ARTIFACTS 

Front and Center

Back in the late '80s, when the College of Charleston School of the Arts came into being and the Department of Theatre began its Mainstage series in the Emmett Robinson Theatre, a pack of upstart theatre students retooled the original production arm of the Department known as Center Stage. The new series was intended as an entirely student-run, student-directed counterpart to the Mainstage series, focusing on more contemporary, progressive plays with a lot more dirty words than, say, George Bernard Shaw used. These days, the series' hip workings remain mostly (though not completely) untainted by faculty sensibilities, still reveling in foul language, nudity, drug use (largely simulated), and all the other things that make modern theatre great, allowing the students' shows to succeed or fail on their own terms.

Center Stage has three productions this fall in Theatre 220, the cozy blackbox space on the Simons Center's second floor. First up, this week, is Tracy Letts' Bug, (Wed, Sept. 27-Sat. Sept. 30 at 8 p.m.; Fri. Sept. 29 at midnight), followed Oct. 20-29 by Stage Fright, and Nov. 8-11 by Patrick Marber's comedy drama Closer, which, as it happens, Theatre /verv/ is also giving a three-week run starting Friday at The Map Room in West Ashley. Set in a seedy, bug-infested Oklahoma City motel room, Bug centers on the meeting between Agnes, a divorced waitress with a fondness for cocaine and isolation, and Peter, a soft-spoken Gulf War-vet drifter introduced to her by her lesbian friend, R.C. Director Ryan Mitchell warns of "adult themes, nudity, smoking, and" – yep – "simulated drug use." Where else can you get that kind of culture for $5? –Patrick Sharbaugh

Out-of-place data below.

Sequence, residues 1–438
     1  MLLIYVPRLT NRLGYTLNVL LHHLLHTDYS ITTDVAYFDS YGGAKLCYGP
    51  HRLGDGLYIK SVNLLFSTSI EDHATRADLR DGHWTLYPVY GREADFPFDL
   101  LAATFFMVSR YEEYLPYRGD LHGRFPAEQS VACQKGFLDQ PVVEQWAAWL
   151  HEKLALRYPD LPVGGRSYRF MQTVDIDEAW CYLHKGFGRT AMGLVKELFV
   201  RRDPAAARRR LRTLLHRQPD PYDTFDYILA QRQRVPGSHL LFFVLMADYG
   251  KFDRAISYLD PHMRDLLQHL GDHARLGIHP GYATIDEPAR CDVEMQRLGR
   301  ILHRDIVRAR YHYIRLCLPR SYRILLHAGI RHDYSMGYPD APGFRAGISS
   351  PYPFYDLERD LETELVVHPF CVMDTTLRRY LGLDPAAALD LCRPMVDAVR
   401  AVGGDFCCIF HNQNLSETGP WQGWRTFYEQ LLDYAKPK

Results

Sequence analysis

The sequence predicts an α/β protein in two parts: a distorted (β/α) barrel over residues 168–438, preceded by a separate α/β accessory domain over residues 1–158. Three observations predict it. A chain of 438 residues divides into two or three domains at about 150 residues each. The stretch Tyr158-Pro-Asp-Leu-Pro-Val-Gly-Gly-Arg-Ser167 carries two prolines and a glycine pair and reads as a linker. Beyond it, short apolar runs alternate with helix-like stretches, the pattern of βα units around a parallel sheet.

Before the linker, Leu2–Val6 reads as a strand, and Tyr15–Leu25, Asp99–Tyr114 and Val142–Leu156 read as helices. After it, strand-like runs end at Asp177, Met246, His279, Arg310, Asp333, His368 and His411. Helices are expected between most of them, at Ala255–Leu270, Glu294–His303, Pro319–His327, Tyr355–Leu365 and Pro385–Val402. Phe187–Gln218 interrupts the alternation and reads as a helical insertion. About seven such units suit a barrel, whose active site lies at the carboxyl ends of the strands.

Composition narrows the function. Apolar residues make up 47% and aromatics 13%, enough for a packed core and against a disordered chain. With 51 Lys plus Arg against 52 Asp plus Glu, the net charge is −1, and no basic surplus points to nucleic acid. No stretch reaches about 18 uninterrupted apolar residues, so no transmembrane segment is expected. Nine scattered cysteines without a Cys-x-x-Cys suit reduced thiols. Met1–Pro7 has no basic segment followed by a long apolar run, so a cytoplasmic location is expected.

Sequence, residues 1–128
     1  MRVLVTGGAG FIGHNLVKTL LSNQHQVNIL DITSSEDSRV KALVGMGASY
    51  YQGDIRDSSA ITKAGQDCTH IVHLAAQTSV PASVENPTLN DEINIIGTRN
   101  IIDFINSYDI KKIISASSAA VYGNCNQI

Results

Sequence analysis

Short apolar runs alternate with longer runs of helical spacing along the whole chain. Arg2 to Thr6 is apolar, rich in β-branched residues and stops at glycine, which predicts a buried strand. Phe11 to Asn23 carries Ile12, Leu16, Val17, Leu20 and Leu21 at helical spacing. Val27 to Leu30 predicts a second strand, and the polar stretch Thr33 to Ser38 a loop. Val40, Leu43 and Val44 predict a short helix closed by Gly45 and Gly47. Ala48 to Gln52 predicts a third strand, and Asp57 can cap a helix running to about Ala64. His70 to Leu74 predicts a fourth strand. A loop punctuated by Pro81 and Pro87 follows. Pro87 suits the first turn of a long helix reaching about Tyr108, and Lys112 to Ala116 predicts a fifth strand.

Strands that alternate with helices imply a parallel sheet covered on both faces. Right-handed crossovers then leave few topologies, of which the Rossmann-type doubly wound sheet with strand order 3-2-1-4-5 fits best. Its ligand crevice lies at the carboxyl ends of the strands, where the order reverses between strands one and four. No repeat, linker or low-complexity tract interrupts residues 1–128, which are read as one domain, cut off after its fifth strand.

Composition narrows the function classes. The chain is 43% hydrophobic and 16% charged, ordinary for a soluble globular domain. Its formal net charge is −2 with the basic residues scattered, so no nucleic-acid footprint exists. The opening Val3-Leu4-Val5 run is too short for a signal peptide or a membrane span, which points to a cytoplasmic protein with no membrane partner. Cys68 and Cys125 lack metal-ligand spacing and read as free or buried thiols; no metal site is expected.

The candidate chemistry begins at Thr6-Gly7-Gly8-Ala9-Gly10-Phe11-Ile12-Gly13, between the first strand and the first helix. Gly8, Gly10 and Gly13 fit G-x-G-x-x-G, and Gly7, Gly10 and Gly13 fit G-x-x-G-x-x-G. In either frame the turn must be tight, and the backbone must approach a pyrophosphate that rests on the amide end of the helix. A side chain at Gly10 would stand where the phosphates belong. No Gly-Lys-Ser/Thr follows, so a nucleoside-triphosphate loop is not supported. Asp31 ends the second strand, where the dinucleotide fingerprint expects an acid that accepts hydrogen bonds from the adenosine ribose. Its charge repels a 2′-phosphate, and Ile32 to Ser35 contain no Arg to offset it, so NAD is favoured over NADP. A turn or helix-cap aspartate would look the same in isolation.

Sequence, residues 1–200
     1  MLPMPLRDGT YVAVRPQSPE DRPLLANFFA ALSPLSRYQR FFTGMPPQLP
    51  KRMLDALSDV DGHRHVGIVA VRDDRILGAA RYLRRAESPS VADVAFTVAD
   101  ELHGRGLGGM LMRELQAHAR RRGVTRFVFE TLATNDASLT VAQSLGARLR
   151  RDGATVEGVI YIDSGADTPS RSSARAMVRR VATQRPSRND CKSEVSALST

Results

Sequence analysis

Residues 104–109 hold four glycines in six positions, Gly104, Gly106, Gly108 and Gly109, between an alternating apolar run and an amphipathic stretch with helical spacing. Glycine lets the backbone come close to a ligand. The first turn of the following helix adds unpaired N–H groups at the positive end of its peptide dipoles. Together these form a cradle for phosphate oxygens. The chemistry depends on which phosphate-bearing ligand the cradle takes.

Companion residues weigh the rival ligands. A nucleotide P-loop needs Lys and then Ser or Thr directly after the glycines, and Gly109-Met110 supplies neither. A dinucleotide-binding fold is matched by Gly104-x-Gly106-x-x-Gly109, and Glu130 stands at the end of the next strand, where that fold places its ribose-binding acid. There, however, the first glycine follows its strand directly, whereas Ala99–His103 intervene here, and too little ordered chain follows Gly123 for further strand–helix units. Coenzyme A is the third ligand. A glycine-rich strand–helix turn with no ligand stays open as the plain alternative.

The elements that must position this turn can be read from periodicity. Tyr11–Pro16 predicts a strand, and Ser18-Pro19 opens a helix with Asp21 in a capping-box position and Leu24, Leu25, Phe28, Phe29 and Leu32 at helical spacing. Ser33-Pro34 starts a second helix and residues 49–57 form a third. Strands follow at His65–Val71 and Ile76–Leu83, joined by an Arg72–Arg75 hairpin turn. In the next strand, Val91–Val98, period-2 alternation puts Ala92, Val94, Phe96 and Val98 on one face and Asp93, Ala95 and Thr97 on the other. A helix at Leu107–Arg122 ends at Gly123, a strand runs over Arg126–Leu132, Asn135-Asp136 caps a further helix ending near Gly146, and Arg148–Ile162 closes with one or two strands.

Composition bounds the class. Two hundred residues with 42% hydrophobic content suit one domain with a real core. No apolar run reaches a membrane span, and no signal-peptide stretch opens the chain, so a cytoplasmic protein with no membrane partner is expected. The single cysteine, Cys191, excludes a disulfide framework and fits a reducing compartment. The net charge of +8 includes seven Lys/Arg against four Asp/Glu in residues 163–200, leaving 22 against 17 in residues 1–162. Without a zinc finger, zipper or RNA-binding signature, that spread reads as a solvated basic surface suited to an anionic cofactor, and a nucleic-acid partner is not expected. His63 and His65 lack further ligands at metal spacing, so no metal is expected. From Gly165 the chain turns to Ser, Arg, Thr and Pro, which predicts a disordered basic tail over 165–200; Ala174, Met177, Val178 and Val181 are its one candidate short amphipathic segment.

Tell and Show

Redux Contemporary Art Center, getting a head start on next year's programming, has announced that it's seeking exhibition and artist-in-residency applicants for 2007. Exhibitions are not limited to any media or content, and all applicants will be considered for solo, group, and two-person shows. Each exhibition will remain on view for 40 days in one or both of the Redux galleries. The two artist residency slots available – now that 2006 residents Jonathan Brilliant and Max Miller have cleared out – will both include free studio and 24-hour access at the St. Philip Street facility, a one-time $700 work stipend, and a solo or two-person exhibition in 2007 of work created during the residency. To apply for an exhibition or a residency, visit www.reduxstudios.org. You've only got until Oct. 20 to apply, so get busy. –PS


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